The numbers of UK-born medics being recruited to vile terrorist cause is so worrying that British officials have been sent to Sudan in a desperate attempt to stop the flow.
The Foreign Office understands that the ISIS – also known as Daesh – are urgently seeking more foreign medics to help at its hospitals in Syria.
ISIS have already persuaded doctors from Australia and nearly 20 from Britain to join their makeshift health ministry.
British officials are now coordinating efforts to prevent more Britons from joining the terrorist health service by sending a delegation to Sudan.
Many of those who have already joined up with ISIS include at least 17 British doctors who were studying at Sudan’s University of Medical Sciences and Technology (UMST).
Parents had sent their children to Sudan to study medicine to reconnect with their African before returning to work as doctors in the NHS.
Families of the doctors concerned have revealed that a second group of five Britons have now joined up with members of an earlier group who travelled across the ISIS border in March.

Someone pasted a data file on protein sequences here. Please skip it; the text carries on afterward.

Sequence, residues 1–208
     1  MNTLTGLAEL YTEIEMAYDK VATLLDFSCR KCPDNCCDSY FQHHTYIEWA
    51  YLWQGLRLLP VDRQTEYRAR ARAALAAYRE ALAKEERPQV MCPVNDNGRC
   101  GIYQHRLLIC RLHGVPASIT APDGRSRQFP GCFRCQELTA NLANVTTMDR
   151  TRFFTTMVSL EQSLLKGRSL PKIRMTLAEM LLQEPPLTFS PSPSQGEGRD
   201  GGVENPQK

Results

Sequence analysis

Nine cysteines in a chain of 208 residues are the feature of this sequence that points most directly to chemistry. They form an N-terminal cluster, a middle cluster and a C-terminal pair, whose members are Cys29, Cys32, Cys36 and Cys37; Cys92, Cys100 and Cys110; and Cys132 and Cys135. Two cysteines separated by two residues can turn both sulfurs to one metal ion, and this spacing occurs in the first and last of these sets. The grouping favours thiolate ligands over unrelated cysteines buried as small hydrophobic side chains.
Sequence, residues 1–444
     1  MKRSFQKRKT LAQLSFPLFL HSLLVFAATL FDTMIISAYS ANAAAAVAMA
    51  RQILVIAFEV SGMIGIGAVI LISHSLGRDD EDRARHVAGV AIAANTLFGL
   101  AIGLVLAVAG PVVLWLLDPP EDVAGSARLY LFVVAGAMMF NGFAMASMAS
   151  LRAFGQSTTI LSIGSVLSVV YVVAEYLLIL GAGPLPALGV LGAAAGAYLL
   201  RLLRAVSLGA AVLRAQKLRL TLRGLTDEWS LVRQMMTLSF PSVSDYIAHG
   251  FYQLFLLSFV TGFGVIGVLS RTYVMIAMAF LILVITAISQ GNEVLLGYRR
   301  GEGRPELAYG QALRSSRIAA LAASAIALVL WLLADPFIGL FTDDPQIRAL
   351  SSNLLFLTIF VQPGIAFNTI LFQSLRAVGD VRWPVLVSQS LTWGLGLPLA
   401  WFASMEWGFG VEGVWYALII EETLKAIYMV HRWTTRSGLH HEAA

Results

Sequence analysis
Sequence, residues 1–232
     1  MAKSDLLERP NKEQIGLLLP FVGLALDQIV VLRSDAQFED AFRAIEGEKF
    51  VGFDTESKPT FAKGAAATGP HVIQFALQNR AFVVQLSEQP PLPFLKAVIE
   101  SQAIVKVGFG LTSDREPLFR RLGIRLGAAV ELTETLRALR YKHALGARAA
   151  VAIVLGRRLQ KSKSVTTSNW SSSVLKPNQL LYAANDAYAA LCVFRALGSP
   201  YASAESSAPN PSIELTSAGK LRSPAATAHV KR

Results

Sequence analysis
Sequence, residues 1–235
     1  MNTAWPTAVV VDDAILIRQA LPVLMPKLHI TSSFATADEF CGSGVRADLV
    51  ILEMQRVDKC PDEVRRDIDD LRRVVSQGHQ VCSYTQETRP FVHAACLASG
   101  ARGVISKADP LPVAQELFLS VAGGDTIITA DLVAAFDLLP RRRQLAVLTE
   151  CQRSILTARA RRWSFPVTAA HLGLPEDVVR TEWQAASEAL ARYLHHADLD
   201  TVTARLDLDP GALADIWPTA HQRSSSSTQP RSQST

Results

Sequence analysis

Both groups were believed to be recruited by Mohammed Fakhri, a 25-year-old from Middlesbrough who studied medicine but styles himself as the recruiter of British medics for ISIS.
Fakhri is a British Palestinian who grew up in north-east England with his two older brothers. His father worked as an NHS doctor on Teesside.
Some appear to be stationed at a medical faculty next to the Raqqa National hospital while others have been dispatched close to Aleppo as well as Menbij’s National hospital, 12 miles from the Turkish border.
Despite their relative success in luring young foreign doctors to Syria – Australian, Libyan and Saudi doctors have all travelled to join the militants – the terror group is urgently requesting more.
Fakhri, thought to be in the ISIS stronghold of Raqqa, has published essays on the need for more medics during his time with the terror groups, Express reported.
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